2. Visit the School Ahead of Time: Along with excitement, as they will be seeing their friends after a break for the summer, for some kids, the start of school can be very stressful. New grades, new classes, new classmates and maybe a new school can trigger intense emotions.  Remind your child that the first day is often the hardest, but every day, with continued attendance, those feelings will become more manageable. Visiting school before the first day may be an effective way to help children become familiar with their surroundings (drive past the school, visit the playground, meet the teachers, or school staff or kids in the school if possible). Participate in any activities that may be offered at the school (such as a BBQ for new or returning families). If your child is school avoidant, you may wish to speak to the school staff (guidance counsellor or principal) to work on strategies to help alleviate the anxiety.

3. Create a Positive Back-to-School Tradition: Have some fun! Establishing a special tradition, like a family breakfast or lunch prep routine or placing special notes in their lunchbox, adds a positive aspect to the back-to-school experience. This creates a sense of connection and excitement, helping to ease potential apprehensions.

4. Engage in Seasonal Activities: Planning ahead for fall-themed activities, such as apple picking, pumpkin carving, or nature walks, promotes quality family time and a positive connection to the changing season. Creating enjoyable traditions can help foster positive anticipation for the season ahead.

5. Practice Self-Care as a Family:Prioritizing self-care activities like relaxation exercises, mindfulness, or outdoor adventures can enhance the family’s overall well-being. Self-care promotes stress reduction, emotional regulation, and a shared sense of rejuvenation during the transition.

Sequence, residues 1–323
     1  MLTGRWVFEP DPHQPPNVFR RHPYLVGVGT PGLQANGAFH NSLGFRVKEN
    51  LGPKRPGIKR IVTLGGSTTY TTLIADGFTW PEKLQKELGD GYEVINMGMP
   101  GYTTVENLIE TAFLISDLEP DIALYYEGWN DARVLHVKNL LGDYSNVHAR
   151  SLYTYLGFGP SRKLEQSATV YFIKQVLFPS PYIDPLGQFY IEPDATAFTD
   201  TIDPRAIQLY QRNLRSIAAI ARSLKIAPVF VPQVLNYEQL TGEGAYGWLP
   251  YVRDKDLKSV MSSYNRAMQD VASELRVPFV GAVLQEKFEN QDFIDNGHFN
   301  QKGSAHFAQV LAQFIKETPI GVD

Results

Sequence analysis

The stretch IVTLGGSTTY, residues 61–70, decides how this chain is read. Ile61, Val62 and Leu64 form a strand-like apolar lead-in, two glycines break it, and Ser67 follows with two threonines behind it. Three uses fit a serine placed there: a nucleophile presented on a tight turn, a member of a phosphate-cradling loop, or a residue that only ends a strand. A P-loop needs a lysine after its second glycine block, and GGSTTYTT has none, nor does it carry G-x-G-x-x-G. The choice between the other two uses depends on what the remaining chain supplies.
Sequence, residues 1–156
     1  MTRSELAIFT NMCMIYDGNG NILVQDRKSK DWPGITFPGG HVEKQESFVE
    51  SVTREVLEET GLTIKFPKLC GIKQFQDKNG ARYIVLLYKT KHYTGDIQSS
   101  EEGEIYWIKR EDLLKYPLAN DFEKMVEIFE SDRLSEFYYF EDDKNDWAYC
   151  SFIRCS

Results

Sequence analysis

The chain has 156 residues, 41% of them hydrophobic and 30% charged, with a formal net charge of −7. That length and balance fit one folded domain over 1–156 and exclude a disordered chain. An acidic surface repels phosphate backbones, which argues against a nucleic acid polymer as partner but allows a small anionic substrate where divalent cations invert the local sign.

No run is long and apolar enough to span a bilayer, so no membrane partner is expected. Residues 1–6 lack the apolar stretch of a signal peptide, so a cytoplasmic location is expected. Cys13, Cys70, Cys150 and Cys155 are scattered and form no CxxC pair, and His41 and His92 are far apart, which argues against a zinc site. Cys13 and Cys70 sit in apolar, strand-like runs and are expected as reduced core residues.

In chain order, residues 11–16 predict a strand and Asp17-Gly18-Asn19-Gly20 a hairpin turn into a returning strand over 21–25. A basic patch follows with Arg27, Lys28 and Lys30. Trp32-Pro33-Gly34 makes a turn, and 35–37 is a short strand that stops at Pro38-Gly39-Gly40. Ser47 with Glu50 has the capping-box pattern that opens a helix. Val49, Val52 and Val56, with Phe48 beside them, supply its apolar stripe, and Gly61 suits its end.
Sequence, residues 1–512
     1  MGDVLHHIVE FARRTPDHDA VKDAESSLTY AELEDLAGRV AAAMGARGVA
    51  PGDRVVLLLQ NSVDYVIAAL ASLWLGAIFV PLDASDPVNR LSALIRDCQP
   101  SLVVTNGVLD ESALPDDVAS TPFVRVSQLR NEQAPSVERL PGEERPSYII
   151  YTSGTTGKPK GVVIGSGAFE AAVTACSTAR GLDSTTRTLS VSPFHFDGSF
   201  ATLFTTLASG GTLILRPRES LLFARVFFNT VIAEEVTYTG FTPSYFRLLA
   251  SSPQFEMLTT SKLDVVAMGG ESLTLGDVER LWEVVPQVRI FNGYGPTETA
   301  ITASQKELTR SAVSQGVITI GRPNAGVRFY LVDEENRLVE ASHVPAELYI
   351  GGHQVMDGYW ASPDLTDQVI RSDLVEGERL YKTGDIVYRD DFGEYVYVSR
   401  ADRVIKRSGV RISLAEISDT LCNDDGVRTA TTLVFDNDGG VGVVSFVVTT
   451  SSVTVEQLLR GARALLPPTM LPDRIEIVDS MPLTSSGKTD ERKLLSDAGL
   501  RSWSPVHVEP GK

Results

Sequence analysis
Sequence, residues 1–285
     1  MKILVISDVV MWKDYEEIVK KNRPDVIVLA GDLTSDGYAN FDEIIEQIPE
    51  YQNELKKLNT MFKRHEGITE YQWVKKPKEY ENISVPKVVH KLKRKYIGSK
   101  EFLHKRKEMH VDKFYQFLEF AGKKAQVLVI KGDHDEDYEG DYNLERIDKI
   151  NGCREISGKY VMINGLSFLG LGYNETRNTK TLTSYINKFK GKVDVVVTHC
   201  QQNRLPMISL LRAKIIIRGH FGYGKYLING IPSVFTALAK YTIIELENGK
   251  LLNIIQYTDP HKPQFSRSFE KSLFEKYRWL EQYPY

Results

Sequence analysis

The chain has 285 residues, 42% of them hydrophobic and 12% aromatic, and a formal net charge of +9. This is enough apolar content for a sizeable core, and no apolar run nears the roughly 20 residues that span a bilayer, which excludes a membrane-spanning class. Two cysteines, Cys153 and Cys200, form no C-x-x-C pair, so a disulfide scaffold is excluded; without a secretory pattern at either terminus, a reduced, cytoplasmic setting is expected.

Everyone has their own unique reaction to going back to school, and it’s important to provide individualized support based on their personality and needs. These strategies can help create a smoother transition and promote a positive attitude towards the upcoming school year.

We wish everyone a positive start to the new school year and hope that you all had an enjoyable summer. 

The team at Whole Heart is dedicated to helping families live better lives. To learn about our programs and services go to:

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Children, Family, Stress, Teens

Navigating Seasonal Transitions

Navigating Seasonal Transitions

Spring is the season of change!  For school age kids and youth, the end of the school year is fast approaching, bringing with it, exams, graduation, travel, camp or work.  Along with some excitement, there may also be anxiety and stress. 

The anticipation of summer heralds for some a much-welcomed break from the usual stressors but can be overwhelming as well.

Here are 5 tips for making your way through this time: 

Celebrate: Celebrate milestones! Some people are writing exams for the first time. Others may be finally having an in-person graduation! Acknowledge any achievement, no matter how small.

Create routine: The routine of summer will likely look different than during the school year, and this is ok. The structure has to work for the family as a whole. This routine will vary according to the needs of the family. For some, having a regular sleep wake cycle, and programs, will be necessary, and for others, having some flexibility may be more important. Whatever that is, discussing this in advance, especially with your teenagers, can be helpful so that everyone is aware of expectations. If you are finding that the lack of routine is too stressful, then you can pivot. Alternatively, if the structure is too rigid, then another plan may be more helpful.